April 21: Food banks not fault of ‘nasty party’

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From: J D Clark, Burnsall, Skipton.

FOOD bank usage rose 10-fold under Labour. Now they are considered to be an outrage, proof that the Conservatives do not care about those at the bottom of the pile.

The fact that they help people who are seriously affected by an unreliable welfare system in which there are often delays when claims are being processed is conveniently forgotten.

The food comes from voluntary donations, the work done by charities. These banks are growing all over the world, even in those countries such as Germany which have very generous welfare systems.

Increased prosperity will not make them disappear because they are a solution rather than a problem. Government must work with communities and volunteers to ensure that we have a just society; the state cannot do everything. The Conservatives are not the “nasty party” and it would be foolish to desert them now just when we can see a light at the end of the tunnel.

From: Ron Farley, Croftway, Camblesforth, Selby.

DR Glyn Powell writes about Trident being: “a missile system that will never be used” (The Yorkshire Post, April 14). But – it is being used. Now. It is being used for its original purpose – as a deterrent – a big stick to warn off would-be bullies.

Incidentally, many years ago, when I was in the RAF on a Nuclear, Biological and Chemical Warfare Instructor’s Course near Porton Down, CND and followers paraded around the area – some bearing their famous placards bearing the Campaign for Nuclear Disarmament device – black background circle with a white central shaft with the downward sloping off-shoots, one either side, something like an arrowhead.

I had designed something very similar by adding two aircraft engine nacelles and a tail plane so that the device looked like a large four engine bomber – with the words “Carries Nuclear Deterrent”. But of course, I was not allowed to display it!

From: Arthur Quarmby, Underhill, Holme.

THE two main parties have succeeded in concentrating voters’ attention on their various promises as to how much money they are going to spend on us (although I have yet to find anyone who believes a word of it), and so keep out of sight the real issues of major concern. Here 
are three:

1. The threatened break-up of the UK.

2. The EU.

3. Mass immigration.

David Cameron and Ed Miliband have kept these matters off the screen so they do not stand in the way of the supreme matter of getting elected.

From: John Watson, Hutton Hill, Leyburn.

I WONDER how many there are who are totally sick of the political jargon emanating from most of our party leaders, which resembles getting a balloon from a Christmas cracker, you don’t know what is coming next.

Who are we to believe? We are being offered investment in services we rely on by making cuts elsewhere. How can these leaders and their spokesmen offer us complicated fiscal policy from one day to the next, and how do the media pundits keep coming up with forecasts for the next Government, and what store do they put on the results of opinion polls? If I was asked in a poll who would I be voting for, I would be inclined to tell them that it is none of their business.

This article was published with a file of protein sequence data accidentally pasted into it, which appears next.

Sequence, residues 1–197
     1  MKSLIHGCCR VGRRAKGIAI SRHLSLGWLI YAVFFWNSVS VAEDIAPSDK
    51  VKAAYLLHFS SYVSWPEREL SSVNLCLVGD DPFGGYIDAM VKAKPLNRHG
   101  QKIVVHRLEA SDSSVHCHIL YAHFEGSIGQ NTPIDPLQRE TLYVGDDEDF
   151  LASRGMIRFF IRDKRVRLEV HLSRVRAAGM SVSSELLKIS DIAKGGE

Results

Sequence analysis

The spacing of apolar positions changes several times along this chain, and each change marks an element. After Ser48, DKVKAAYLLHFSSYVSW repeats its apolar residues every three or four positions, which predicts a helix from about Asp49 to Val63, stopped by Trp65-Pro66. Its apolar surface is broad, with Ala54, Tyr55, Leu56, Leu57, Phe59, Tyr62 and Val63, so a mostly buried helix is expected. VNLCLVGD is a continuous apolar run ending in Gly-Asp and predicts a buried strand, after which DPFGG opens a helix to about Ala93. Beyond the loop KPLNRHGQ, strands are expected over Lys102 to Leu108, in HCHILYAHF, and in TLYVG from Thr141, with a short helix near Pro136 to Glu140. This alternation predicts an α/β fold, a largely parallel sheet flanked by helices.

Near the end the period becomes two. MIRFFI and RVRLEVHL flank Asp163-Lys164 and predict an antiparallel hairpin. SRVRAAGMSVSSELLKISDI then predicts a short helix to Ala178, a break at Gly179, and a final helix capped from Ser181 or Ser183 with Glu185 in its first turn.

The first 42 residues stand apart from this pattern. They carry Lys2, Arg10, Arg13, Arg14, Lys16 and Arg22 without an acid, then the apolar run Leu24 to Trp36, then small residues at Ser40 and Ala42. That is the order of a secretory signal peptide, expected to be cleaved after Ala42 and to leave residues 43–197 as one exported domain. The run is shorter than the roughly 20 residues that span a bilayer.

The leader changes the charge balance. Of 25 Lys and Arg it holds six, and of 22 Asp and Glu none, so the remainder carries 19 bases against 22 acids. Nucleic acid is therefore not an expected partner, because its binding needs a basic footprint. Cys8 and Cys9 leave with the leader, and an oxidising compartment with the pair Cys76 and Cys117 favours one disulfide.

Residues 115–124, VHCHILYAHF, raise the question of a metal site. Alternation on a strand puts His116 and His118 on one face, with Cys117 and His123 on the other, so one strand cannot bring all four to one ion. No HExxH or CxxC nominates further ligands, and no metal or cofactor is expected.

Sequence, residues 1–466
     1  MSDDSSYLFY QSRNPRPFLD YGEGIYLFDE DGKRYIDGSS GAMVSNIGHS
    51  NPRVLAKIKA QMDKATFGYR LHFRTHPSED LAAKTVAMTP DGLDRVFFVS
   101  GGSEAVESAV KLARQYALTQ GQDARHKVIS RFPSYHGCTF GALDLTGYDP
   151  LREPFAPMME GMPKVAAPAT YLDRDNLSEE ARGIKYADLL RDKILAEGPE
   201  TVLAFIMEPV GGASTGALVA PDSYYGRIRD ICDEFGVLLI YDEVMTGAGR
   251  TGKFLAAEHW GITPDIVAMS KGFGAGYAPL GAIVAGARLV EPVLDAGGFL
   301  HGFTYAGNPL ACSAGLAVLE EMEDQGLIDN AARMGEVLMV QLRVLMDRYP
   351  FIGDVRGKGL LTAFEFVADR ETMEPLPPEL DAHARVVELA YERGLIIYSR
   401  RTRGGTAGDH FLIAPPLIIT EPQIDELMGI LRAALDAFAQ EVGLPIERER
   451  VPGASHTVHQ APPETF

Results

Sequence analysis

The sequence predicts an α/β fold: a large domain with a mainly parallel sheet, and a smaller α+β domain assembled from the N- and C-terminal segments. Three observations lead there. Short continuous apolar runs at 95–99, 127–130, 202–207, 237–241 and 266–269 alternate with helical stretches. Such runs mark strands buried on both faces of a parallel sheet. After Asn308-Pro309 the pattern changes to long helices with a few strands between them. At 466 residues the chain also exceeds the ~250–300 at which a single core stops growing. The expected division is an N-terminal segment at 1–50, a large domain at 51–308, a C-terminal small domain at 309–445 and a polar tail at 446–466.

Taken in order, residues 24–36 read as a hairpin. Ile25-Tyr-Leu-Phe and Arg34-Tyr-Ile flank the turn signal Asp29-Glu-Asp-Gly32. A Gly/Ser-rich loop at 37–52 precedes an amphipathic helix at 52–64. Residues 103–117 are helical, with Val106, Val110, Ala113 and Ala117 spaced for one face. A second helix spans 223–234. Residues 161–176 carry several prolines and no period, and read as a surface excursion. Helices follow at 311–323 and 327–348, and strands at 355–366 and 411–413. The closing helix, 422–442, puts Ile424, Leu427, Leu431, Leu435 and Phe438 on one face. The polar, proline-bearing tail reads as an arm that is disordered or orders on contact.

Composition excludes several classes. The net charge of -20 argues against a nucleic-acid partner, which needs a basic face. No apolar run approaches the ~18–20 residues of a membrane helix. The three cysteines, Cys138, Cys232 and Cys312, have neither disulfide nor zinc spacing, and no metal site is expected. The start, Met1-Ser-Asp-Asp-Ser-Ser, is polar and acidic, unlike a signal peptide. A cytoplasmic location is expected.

Judging by all the gobbledegook we have heard over the last few weeks you would think that the NHS was the only subject, with the main parties arguing about its future.

There seems to be very little said about Europe which is probably going to affect our future lives more than anything else. We are slowly losing our sovereignty and our borders are not secure.

Having taken all the political garbage into account, I refuse to be bribed by meaningless promises and for the first time in my life I will not be voting Tory. Nigel Farage is the only man who makes any sense.

From: Mr RGN Webb, Illingworth, Halifax.

READERS may recall the children’s TV programme Crackerjack!. One of its challenges involved a quiz with contestants standing on podiums. According to whether their answers were correct or not, prizes or cabbages respectively were placed into their arms to hold.

I suggest a political leaders’ debate on similar lines – with cabbages awarded when questions are not answered. Afterwards the obviously large amount of vegetables accumulated could be recycled into bank notes by the Green Party to help fund their spending plans (their supporters are obviously very “green”).

From: Dr Glyn Powell, Kellington, Goole.

DAVID Cameron’s Tories yet again demonstrate how desperate they are, by unveiling a raft of unfunded commitments.

Why doesn’t he spell out the benefit cuts to the disabled, sick and unemployed to meet a £12bn black hole in a future Tory government’s spending commitments? Possibly, because the black hole may be even larger than currently admitted if all the Tory pie-in-the-sky election pledges are to be enacted.

From: Ken Holmes, Cliffe Common, Selby, York.

WE haven’t heard a pip squeak from any of the political party leaders telling us what they intend to help our struggling dairy and hill farmers. Par for 
the course.